Lessons learned and challenges ahead in Hill’s health care fightMercedes Schlapp
What started as a messy process with plenty of dissent has led to productive legislating, where individual House members, like Rep. Mark Meadows of the Freedom Caucus and centrist Representative Fred Upton, improved the bill with their changes. The successful outcome was also a lesson for the Trump administration that the White House, rather than the GOP leadership in the House, should take the lead on such core priorities for the president.
The drama surrounding the House vote on the AHCA is just a warm-up act for the complexities and stress in store when the Senate takes up the bill. The current divide among many conservative and centrist Republicans shows how these two different groups play by their own rules and are not necessarily willing to stand with President Trump when their own political interests are at stake.
Moderate Republicans could see the challenge of “selling” the new legislation to their constituents, especially in those districts that favored Democrat Hillary Clinton in November.
The goal of the GOP: lower health care premiums while providing more free-market options and competition. Americans should not feel that they have been left out to dry.
But it’s tricky because every transition comes with challenges, and voters will be expecting immediate and effective changes to their health care. But there are real selling points in the House bill. John Desser, vice president of public policy and government affairs at eHealth, says that under the House GOP bill “the middle class wins, unlike in Obamacare where they were left behind.”
While the Democrats are content to sit back and let Republicans bicker among themselves, the GOP majorities on Capitol Hill are dealing with the reality that something must be done even if the bill is imperfect. But lawmakers right now are functioning in a fog — the Congressional Budget Office has yet to “score” the impact on costs and coverage from the amended House bill that passed Thursday. The CBO review of the original bill was brutal, giving Democrats ammunition and putting Republicans on the defensive through much of the debate.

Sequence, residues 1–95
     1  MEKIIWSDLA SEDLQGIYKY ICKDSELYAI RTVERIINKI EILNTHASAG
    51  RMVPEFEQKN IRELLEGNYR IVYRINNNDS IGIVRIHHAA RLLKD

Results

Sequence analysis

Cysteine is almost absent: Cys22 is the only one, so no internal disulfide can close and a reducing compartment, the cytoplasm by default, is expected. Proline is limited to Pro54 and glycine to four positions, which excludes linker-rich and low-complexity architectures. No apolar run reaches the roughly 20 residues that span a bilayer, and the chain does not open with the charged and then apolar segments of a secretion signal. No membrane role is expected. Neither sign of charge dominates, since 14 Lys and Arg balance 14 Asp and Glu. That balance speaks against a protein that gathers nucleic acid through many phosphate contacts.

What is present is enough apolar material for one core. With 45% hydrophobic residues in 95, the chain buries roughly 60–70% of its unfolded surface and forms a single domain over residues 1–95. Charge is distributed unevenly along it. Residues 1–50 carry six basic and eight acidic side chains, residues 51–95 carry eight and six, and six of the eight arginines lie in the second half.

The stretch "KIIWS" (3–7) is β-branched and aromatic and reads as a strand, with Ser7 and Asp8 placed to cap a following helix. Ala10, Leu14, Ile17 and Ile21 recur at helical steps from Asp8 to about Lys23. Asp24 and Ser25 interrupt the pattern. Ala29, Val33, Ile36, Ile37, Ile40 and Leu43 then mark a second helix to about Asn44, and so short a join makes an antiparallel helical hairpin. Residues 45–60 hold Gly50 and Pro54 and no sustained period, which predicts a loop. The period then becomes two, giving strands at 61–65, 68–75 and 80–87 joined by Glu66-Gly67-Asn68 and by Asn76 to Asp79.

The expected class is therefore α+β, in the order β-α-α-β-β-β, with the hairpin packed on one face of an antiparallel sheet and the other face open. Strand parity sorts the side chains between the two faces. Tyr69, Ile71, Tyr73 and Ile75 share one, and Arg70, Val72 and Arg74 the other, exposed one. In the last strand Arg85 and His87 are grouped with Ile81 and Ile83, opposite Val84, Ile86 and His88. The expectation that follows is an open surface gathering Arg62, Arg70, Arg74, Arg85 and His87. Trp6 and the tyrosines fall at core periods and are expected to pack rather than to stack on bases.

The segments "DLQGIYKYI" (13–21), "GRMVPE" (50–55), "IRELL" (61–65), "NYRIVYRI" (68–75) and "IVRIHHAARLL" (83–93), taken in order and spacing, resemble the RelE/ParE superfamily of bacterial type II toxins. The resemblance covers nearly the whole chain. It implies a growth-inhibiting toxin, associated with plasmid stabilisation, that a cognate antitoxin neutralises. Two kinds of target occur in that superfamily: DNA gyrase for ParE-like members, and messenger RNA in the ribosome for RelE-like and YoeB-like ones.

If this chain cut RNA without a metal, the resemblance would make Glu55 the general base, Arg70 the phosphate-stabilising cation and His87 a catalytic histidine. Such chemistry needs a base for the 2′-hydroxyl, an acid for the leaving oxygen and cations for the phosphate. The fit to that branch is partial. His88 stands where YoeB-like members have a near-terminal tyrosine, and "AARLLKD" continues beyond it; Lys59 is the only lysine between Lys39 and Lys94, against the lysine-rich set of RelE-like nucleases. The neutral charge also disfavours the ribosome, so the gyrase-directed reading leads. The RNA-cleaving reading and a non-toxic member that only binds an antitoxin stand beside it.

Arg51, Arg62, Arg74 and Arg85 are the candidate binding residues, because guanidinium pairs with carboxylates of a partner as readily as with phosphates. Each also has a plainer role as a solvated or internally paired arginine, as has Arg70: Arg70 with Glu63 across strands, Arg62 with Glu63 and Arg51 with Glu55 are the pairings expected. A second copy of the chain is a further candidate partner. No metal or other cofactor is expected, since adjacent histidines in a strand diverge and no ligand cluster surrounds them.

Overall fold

The White House is having a difficult time keeping Republican lawmakers in line, but Mr. Trump has made it clear that any repeal-and-replace bill must ensure that those with pre-existing health problems should not pay more for their insurance.
Mr. Trump’s dealmaker skills helped swing the deal that brought reluctant moderates like Mr. Upton on board, providing the crucial votes for a very narrow victory. He has kept the lines open to both conservatives and centrists GOP members, in hopes that they can find common ground.
But the president’s greatest challenges still lie ahead. Many GOP senators are not on the ballot in the next election cycle or worried about a two-year cycle like the House, and they are likely to have their own ideas about what should be in the bill. Any attempts to move the bill closer to the center or closer to the conservative side risks losing key votes. The president and the Senate GOP leadership can only afford to lose two Republican senators if they want the bill to pass.
Momentum is on the Republicans’ side right now, but may be slowed down by skeptics in the Senate. Centrists GOP senators may want to strengthen pre-existing conditions protections. The key is that Republicans will need to prove that premiums will decrease and everyone will have more choices. Both Mr. Trump and congressional Republicans campaigned heavily on a promise to replace Obamacare with something better, and very much rely on this essential victory.
Republicans need to prove that not only they can govern, but that they can unite and find a better way forward for dealing with the crumbling Obamacare law.
• Mercedes Schlapp is a Fox News contributor, co-founder of Cove Strategies and former White House director of specialty media under President George W. Bush.